In many regards, the social media posts appearing on forums devoted to life in the parts of eastern Ukraine that are controlled by Russia-backed separatist formations and surrounding areas focus on the same topics that worry people in other regions of that part of the world.
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Residents there actively discuss the problems of packs of wild dogs, rising prices of consumer goods, and what they see as the ineffectiveness of Russia’s Sputnik coronavirus vaccine in the face of the persistent omicron variant.
However, following weeks of reports that a Russian invasion could be imminent, and with more than 100,000 Russian troops massing across the border, people in these reaches of eastern Ukraine are naturally also worried that the conflict that has been simmering since major fighting was reduced following a February 2015 cease-fire deal could heat up once again.
The Kremlin denies any intention to invade its neighbor but has suggested that de-escalation is conditional on binding guarantees that NATO will never expand further eastward, especially to Ukraine, among other things.
“I’m so sick of these daily predictions,” one contributor wrote on the Russian social media site VK. “It’s fine for those who are sitting on a couch somewhere in Nizhny Novgorod or Krasnoyarsk far from our war to sit around and make predictions over beer and chips. But what is it like for us to read all this? We are like mice in a frying pan that are about to be put over the fire. And everyone is watching with interest. Over their beers and chips.”
A post on another forum seemed to capture the emotional stress that the region has been under.
“No one here believes in anything,” the user wrote. “Enough! Stop! People are sick of all this crap. And the most frightening thing in this situation is that we stopped being afraid. Even if something is true, we don’t believe it and we aren’t afraid.”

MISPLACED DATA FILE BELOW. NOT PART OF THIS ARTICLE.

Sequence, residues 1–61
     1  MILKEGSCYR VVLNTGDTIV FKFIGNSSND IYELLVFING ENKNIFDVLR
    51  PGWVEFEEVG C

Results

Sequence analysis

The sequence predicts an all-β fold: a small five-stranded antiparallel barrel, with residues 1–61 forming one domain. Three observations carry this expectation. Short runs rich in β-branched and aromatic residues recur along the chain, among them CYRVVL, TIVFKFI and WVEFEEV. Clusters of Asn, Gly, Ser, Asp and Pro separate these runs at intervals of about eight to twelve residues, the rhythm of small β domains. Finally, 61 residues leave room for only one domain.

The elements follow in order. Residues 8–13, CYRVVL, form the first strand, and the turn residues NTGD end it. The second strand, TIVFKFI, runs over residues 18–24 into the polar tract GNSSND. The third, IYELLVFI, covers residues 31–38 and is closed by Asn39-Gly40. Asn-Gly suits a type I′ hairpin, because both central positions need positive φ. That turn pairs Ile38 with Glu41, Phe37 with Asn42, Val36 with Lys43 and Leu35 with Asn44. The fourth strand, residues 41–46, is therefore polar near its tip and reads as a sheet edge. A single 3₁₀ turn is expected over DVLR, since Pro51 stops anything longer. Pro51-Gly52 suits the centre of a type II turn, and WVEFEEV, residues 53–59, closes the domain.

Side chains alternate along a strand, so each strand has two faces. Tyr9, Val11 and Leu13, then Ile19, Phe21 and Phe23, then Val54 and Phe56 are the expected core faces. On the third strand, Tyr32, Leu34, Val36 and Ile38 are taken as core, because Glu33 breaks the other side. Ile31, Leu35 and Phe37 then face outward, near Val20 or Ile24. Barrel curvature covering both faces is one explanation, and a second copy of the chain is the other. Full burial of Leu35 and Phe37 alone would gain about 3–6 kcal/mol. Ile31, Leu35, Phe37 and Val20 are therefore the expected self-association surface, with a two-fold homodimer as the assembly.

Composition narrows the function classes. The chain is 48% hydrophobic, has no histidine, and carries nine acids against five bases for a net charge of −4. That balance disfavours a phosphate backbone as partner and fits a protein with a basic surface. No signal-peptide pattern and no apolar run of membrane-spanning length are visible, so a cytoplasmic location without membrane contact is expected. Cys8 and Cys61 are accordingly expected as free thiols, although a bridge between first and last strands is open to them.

Also attracting attention was a recent statement by Denis Pushilin, the de facto head of the separatist-occupied part of Ukraine’s Donetsk region, in which he warned — without evidence — that Kyiv was planning “at any moment” to attack the region, known as the Donbas, and that everyone “should be ready for the worst-case scenario.”
“I thought we were already in the ‘worst-case scenario,'” one commentator wrote, apparently referring to the region’s years of isolation.
“And how would this be worse?” another user wrote about the purported attack. “How many years have we been marching in place, and they have been telling us that they’ll attack at any minute…? And nothing changes except the wrinkles on Pushilin’s face.”
Others expressed doubt about Moscow’s intentions in the conflict.
“Russia doesn’t need us,” one user wrote. “Russia only needed us before in order to get its hands on Crimea. Open your eyes!”
On a forum registered in the neighboring Luhansk region, users discussed proposals among Russia’s rulers to openly provide weapons to the separatist-controlled areas.
“Only those who live far from here could be happy to hear about a resumption of fighting,” one user wrote. While another countered sarcastically: “Yes — more weapons and more destruction! And then we can blame everything on America, Ukraine, China, and so on.”
One listener from Donetsk who identified herself only as Maria wrote that she and her family were trying to get on with life, despite the alarming reports.
“We no longer watch the news at all,” she wrote in an e-mail. “We have enough to worry about with day-to-day concerns and don’t have the time or the desire to think about geopolitics. From the outside, the situation in Donetsk seems calm. You don’t see any trainloads of military equipment or armed people walking around…. I don’t know the reason, but my family isn’t panicking. Maybe they are tired of being afraid — I don’t know.”
RFE/RL senior correspondent Robert Coalson contributed to this report.